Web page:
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Her History in Taiwan
The Archives of the Institute of Taiwan History (ITH) at Academia Sinica holds a wide variety of historical sources pertaining to women of Taiwan; these materials date back to the Qing dynasty and can be examined from three aspects— “Traditional Women,” “Transition of Fate,” and “Self Expression.” They illustrate how Taiwanese women emerged from traditional family to modern job market and social activities with activism and independence.The collections of marriage documents, contracts, photographs, diaries, and personal documents presented here are selected from the digital archives of the ITH.
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IV. Support for Culture and Cross-field Friendships

A crucial consideration regarding society’s support for culture and friendships across fields during Japanese colonial rule is the fact that painters tended to have a difficult time maintaining their livelihoods or keeping afloat a civil painting group. Accordingly, the support of local gentry and socially prominent figures - financially in the form of painting purchases or acting as intermediaries in social circles - was significant. Furthermore, notably from the second half of the 1920s onward, with growing numbers of Taiwanese painters taking a prominent part in the exhibitions of Tokyo and Paris and the resultant elevated reputation and stature of individual artists, the perception of artistic pursuits among intellectuals in society at large gradually shifted from the straightforward “art for art’s sake” to a recognition that the advancement of national movements was to a degree rooted in the fruits of cultural development and that the power of art was an integral part of cultural activities.

Sifting through reams of various historical materials of private nature such as manuscripts, diaries and photographs, it is clear that contemporary artists frequently sought opportunities of patronage through introduction to or group visits to such prominent individuals as Lin Xian-Tang and Yang Zhao-Jia; both Guo Hsueh-Hu and Lee Mei-Shu recollected in their manuscripts the assistance that Yang Zhao-Jia and Tsai Pei-Huo gave to the Tai-Yang Exhibitions; more social, industrial and cultural heavyweights who actively and financially supported Taiwan’s cultural activities and individual artists included Chou Ching-Tien who founded a printing shop in Dadaocheng, Wang Ching-Chuan who ran the Landscape Pavilion Restaurant/Shan Shui Ting, Chang Hsing-Chien of the Central Bookstore and Lu Pan-Shih and Lu Ling-Shih from Shengang Xiao-Yun Mansion. The Tai-Yang Art Association was one example of the beneficiaries of their work: as a civil group, its internal affairs large and small ranging from budgeting to preparations for events to personnel changes were all in the realm of joint decision-making and shared responsibility among members. Regular expenditures on printing and venues associated with the annually held Tai-Yang Exhibition, for instance, were in large part reliant on the financial support of art-loving individuals of wider society.

Lin Xian-Tang, a gentry from Wufeng, Taichung, was a central figure of the Taiwan Cultural Association and national movements from the 1920s. Despite his sinological education, he was sufficiently receptive to modern culture and thinking to become a major patron of new artistic movements in Taiwan during Japanese colonial rule. His extant diaries suggest that he frequently lent support to fresh young artists through visits to exhibitions, purchasing or commissioning paintings and financial donations to help get their nascent artistic careers on track.

 

 Figure 19: 6 May 1937, The Diary of Mr. Guan-Yuan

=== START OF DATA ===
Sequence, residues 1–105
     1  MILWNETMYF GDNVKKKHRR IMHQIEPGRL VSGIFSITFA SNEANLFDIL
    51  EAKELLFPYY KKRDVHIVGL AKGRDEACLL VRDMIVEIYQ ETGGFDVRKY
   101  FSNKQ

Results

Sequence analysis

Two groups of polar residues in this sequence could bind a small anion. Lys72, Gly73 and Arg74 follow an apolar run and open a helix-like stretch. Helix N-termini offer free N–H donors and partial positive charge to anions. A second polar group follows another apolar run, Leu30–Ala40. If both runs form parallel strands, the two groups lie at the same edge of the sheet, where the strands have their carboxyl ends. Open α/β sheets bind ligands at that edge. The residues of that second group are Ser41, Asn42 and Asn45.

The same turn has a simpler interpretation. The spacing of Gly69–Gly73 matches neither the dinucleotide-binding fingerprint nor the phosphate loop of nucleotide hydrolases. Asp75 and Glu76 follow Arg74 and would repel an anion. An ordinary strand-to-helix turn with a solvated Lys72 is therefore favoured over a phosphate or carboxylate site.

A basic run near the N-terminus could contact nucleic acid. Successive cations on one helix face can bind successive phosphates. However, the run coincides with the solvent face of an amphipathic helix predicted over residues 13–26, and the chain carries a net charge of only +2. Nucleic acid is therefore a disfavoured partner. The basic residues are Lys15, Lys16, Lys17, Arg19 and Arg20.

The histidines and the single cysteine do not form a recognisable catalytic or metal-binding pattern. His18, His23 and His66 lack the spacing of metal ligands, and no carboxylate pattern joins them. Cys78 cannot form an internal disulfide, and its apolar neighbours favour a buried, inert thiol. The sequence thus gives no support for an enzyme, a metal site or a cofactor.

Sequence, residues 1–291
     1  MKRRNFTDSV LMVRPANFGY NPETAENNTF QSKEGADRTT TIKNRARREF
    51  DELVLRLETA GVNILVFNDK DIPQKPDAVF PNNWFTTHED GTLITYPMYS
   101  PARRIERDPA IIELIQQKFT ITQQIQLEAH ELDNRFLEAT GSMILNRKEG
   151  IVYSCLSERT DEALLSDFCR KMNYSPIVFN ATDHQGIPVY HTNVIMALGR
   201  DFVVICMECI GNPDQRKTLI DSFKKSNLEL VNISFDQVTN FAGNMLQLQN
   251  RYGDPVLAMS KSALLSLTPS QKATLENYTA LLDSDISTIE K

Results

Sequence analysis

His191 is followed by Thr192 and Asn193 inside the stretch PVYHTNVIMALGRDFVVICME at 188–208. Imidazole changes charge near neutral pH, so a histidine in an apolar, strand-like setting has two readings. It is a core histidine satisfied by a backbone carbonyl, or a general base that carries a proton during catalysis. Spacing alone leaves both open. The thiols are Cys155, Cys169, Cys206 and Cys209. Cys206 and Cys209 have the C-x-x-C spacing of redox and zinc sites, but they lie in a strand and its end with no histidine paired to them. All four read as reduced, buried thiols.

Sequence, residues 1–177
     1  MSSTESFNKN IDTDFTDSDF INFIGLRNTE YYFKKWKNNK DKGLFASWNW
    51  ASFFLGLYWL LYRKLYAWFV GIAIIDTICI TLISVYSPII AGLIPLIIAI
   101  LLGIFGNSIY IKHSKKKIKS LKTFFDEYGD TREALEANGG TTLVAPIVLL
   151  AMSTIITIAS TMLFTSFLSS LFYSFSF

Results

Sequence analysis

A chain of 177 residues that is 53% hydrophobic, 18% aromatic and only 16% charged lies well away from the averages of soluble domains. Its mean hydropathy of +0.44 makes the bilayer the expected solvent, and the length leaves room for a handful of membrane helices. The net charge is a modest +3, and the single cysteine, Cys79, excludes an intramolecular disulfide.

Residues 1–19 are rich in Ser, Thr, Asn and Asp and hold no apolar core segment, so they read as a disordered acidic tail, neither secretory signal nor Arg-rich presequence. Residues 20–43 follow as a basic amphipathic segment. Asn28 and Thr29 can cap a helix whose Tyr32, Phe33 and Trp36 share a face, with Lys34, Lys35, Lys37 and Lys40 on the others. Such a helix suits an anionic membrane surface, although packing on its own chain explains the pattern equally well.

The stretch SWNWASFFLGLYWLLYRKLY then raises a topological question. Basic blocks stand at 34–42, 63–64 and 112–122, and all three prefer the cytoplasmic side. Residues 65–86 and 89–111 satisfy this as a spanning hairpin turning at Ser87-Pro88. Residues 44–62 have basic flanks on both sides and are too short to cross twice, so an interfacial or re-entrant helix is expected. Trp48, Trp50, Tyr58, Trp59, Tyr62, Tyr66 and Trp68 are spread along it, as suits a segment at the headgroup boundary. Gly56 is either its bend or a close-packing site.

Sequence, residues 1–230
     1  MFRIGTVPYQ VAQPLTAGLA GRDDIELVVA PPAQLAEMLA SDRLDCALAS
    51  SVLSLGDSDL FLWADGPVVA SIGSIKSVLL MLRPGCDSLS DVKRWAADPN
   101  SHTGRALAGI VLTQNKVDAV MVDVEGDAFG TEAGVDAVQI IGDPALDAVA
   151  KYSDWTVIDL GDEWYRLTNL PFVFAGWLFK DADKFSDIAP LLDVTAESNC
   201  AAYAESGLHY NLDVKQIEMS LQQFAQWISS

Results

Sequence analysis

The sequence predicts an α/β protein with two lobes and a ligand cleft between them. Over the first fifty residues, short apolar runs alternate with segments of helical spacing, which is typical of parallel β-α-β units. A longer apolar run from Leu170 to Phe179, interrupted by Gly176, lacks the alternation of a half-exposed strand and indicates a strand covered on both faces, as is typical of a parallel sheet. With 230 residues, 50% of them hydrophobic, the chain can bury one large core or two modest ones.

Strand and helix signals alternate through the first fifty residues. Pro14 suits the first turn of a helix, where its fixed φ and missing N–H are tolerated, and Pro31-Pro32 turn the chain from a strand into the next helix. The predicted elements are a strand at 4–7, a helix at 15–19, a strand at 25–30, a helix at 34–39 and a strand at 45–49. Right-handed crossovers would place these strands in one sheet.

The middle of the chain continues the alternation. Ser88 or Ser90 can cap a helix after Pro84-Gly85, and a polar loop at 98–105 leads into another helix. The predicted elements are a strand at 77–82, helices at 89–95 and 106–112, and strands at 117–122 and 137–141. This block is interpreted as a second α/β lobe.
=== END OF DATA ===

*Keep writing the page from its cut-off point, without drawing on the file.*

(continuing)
In the 1920-30s, Lin Xian-Tang was often invited to the solo exhibitions in Taichung of Chen Chih-Chi, Yang San-Lang, Kuo Hsueh-Hu, Li Shih-Chiao and others and bought the paintings out of his own purse. He also frequently accepted joint invitations by painters and paid visits to such exhibitions by painting groups as the Chidao Art Group Exhibition and the Tai-Yang Exhibition - to be complete with financial support. As Lin Xian-Tang recorded in his diary entry on 6 May 1937: “Sasaburo Yo, Chen Cheng-Po, Li Shih-Chiao, Hong Rui-Lin, Lee Mei-Shu, Chen Te-Wang, Hsu Sheng-Ji and Chang Hsing-Chien of the Tai-Yang Art Association came and invited me to go and see exhibition in the public hall on the 8th and asked for subsidies. I gave 50 yen”.

Yang Zhao-Jia, a gentry from Qingshui, Taichung, was not only active in the national movements during Japanese colonial rule but also one of the most potent backers of contemporary artistic movements. From his personal account in his memoir, it is known that besides political causes he rendered financial support and encouragement to such subjects as art, sculpture, music, songwriting, sports and medicine. Perhaps in the case of Yang Zhao-Jia, it was motivated by a desire to break the cultural monopoly by the Japanese and from an aspiration through concrete actions to help the Taiwanese develop their pride in cultural undertakings. From the documents and photographs associated with the numerous art exhibitions, painting groups and solo exhibitions found in his private collections, it is not difficult to deduce his great attention to the activities of contemporary Taiwanese painting groups.

 Figure 20: Articles of Association and Keynote of the Liu Yan Hui
Source: LJK_07_02_0110361, Yang Zhao-Jia Collection
One piece found in the collections of Yang Zhao-Jia is entitled “Articles of Association and Keynote of the Liu Yan Hui”. The Liu Yan Hui was launched by a group of six - Lu Tieh-Chou, Lin Jin-Hung, Kuo Hsueh-Hu, Chen Jing-Hui, Sasaburo Yo (Yang San-Lang) and Tsao Chiu-Pu - at the Zhao Ri Guild Hall in June 1935. Its members encompassed western painters, Japanese painters, calligraphers and art journalists, making it something of a comprehensive artist group. It promoted artistic creations by holding workshops and forums and made it its ultimate goal to raise money to build a museum tailored to the island of Taiwan.

Another enthusiastic promoter of various cultural activities was Chang Hsing-Chien of the Central Bookstore of Taichung who was the editor and creator of the magazine Taiwan Bungei of the Taiwan Literature and Art Alliance. As far as art was concerned, he not only organized workshops for western paintings and held painting exhibitions but also capitalized on his social network in central Taiwan to act as an intermediary for artists in search of opportunities of financial support for exhibitions and of painting purchases. An example of this would be his efforts to help Kuo Hsueh-Hu organize a solo exhibition in the Taichung Library and his accompanying the painter on a visit to Lin Xian-Tang beforehand.